The Allied powers signed a ceasefire agreement with Germany at Rethondes, France, at 11:00 a.m. on November 11, 1918, bringing the war now known as World War I to a close.
President Wilson proclaimed the first Armistice Day the following year on November 11, 1919, with these words:“To us in America, the reflections of Armistice Day will be filled with solemn pride in the heroism of those who died in the country’s service and with gratitude for the victory, both because of the thing from which it has freed us and because of the opportunity it has given America to show her sympathy with peace and justice in the councils of the nations…” Originally, the celebration included parades and public meetings following a two-minute suspension of business at 11:00 a.m.
Between the world wars, November 11 was commemorated as Armistice Day in the United States, Great Britain, and France. After World War II, the holiday was recognized as a day of tribute to veterans of both wars. Beginning in 1954, the United States designated November 11 as Veterans Day to honor veterans of all U.S. wars. British Commonwealth countries now call the holiday Remembrance Day.
In an interview with the Federal Writers’ Project, World War I veteran Andrew Johnson remembered how his regiment stationed in northeastern France welcomed the end of the war:
Armistice Day found us before Metz. We were waiting to storm a great walled city which would have cost us many men, as we would have to cross a level plain about two miles long.
[Andrew Johnson]. Levi C. Hubert, interviewer; New York City, New York, November 20, 1938. American Life Histories: Manuscripts from the Federal Writers’ Project, 1936 to 1940. Manuscript Division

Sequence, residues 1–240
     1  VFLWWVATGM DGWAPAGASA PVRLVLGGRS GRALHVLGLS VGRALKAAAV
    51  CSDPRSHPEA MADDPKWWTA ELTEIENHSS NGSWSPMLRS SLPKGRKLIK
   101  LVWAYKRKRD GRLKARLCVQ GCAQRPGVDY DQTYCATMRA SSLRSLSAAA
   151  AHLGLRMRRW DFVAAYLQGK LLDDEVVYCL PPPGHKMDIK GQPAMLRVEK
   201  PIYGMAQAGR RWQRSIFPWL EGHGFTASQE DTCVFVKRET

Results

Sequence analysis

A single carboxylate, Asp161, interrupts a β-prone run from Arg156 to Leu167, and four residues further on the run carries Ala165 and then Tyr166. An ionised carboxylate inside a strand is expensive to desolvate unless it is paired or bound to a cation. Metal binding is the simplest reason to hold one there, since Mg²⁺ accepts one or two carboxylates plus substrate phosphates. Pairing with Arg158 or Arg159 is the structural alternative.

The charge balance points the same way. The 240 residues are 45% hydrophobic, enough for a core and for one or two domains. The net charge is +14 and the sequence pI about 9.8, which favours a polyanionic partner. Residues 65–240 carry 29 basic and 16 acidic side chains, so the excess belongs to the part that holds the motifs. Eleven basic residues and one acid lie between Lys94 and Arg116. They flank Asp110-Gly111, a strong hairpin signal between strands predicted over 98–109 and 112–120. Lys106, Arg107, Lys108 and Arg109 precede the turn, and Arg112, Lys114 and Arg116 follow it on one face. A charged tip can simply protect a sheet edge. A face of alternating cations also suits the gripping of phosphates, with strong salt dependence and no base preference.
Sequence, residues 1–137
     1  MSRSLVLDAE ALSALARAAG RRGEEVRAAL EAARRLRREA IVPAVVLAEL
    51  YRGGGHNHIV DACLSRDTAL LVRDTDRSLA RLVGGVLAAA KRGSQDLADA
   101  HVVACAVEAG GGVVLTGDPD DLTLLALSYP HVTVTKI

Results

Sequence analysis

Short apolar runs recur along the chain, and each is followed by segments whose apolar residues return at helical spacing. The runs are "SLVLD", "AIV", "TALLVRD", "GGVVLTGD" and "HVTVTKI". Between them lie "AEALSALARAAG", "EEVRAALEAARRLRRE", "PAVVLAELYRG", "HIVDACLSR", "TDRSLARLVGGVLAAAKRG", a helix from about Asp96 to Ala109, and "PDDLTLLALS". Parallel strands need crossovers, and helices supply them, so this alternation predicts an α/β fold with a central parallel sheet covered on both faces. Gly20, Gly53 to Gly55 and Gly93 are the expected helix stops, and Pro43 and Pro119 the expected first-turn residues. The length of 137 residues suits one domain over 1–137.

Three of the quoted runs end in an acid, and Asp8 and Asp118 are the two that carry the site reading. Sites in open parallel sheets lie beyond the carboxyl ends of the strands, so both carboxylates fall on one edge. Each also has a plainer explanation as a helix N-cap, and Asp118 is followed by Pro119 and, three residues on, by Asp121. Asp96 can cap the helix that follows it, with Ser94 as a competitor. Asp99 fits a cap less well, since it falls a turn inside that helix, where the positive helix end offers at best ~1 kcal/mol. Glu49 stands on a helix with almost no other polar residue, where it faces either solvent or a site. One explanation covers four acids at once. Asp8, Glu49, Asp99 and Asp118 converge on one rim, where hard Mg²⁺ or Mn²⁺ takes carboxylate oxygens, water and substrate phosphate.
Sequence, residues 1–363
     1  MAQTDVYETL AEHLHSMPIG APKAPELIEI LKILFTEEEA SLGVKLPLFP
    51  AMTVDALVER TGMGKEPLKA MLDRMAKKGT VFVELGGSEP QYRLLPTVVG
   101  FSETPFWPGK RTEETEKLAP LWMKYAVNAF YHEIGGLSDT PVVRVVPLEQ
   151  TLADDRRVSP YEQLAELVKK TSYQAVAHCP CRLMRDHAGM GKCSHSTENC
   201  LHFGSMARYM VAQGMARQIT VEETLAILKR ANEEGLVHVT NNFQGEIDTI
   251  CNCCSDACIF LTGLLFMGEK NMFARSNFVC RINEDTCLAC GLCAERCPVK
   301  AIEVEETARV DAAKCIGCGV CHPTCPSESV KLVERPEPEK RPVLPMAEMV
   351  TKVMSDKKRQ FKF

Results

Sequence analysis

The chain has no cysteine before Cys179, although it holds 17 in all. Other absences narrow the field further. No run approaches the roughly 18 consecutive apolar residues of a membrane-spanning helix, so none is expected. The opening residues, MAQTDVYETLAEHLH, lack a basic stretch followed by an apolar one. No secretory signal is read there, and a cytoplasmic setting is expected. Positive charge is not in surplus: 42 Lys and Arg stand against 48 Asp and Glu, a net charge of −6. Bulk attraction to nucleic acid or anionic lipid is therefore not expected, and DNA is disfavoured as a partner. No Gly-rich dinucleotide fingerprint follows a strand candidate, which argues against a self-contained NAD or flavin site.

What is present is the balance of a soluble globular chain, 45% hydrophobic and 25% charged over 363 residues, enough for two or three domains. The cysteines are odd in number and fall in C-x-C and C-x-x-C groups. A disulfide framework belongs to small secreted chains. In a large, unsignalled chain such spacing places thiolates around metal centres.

When Johnson and his mates finally arrived in the United States the following spring, he recalled, “we were given a bonus of $60, an honorable discharge, and the 368th Infantry regiment became a part of history.”
On the home front, the armistice was celebrated in the streets. Massachusetts shoe laster James Hughes described the scene in Boston:
There was a lot of excitement when we heard about the Armistice…some of them old fellas was walkin’ on the streets with open Bibles n their hands. All the shops were shut down. I never seen the people so crazy…confetti was a-flying in all directions…I’ll never forget it.
[The House that My Uncles Owned in Ireland]. James Hughes, interviewee; Jane K. Leary, interviewer; Lynn, Massachusetts, April 28, 1939. American Life Histories: Manuscripts from the Federal Writers’ Project, 1936 to 1940. Manuscript Division
Search for newspaper accounts of the Armistice, wars, veterans, and more in Chronicling America: Historic American Newspapers to find articles about the Armistice, for example “WAR IS OVER,” published in The Washington Times, (Washington, D.C.) on November 7, 1918 (final edition), and “ARMISTICE IS SIGNED” in The Evening Missourian, (Columbia, Mo.), November 11, 1918.
- Search the collection American Life Histories: Manuscripts from the Federal Writers’ Project, 1936 to 1940 on world war to read more recollections of World War I.
- View Woodrow Wilson’s notes, written in shorthand, for his Fourteen Points address. In this famous address to Congress on January 8, 1918, Wilson outlined the terms that he believed should be used as the basis for the treaty ending the First World War.
- American Leaders Speak: Recordings from World War I features sound recordings of speeches made by prominent Americans during and immediately after World War I. Browse the subject index to find a speech of interest, or visit the special presentation From War to Normalcy: An Introduction to the Nation’s Forum Collection.
- From February 8, 1918, to June 13, 1919, by order of General John J. Pershing, the United States Army published The Stars and Stripes, a newspaper for its forces in France. The entire run of this edition is available on the Library’s website.
- Listen to a recording of George M. Cohan’s “Over There,” America’s World War I anthem, available in the collection Patriotic Melodies. The collection also includes several versions of the sheet music for this song, and an essay about the song and its composer.
- The Bonus Army was made up of 12,000 to 15,000 disaffected World War I veterans who marched on Washington, D.C., to demand payment of benefits during the Depression years of 1932 and 1933.
- Images of soldiers, war factory personnel, and people from the WWII homefront can be viewed in the color and black-and-white photograph collections from the FSA/OWI.
- A variety of materials related to veterans selected from the Library’s collections is one of the featured “Free to Use and Reuse” sets.
- Veterans from WWI and WWII are included among the interviews and memorabilia collected by the Veterans History Project.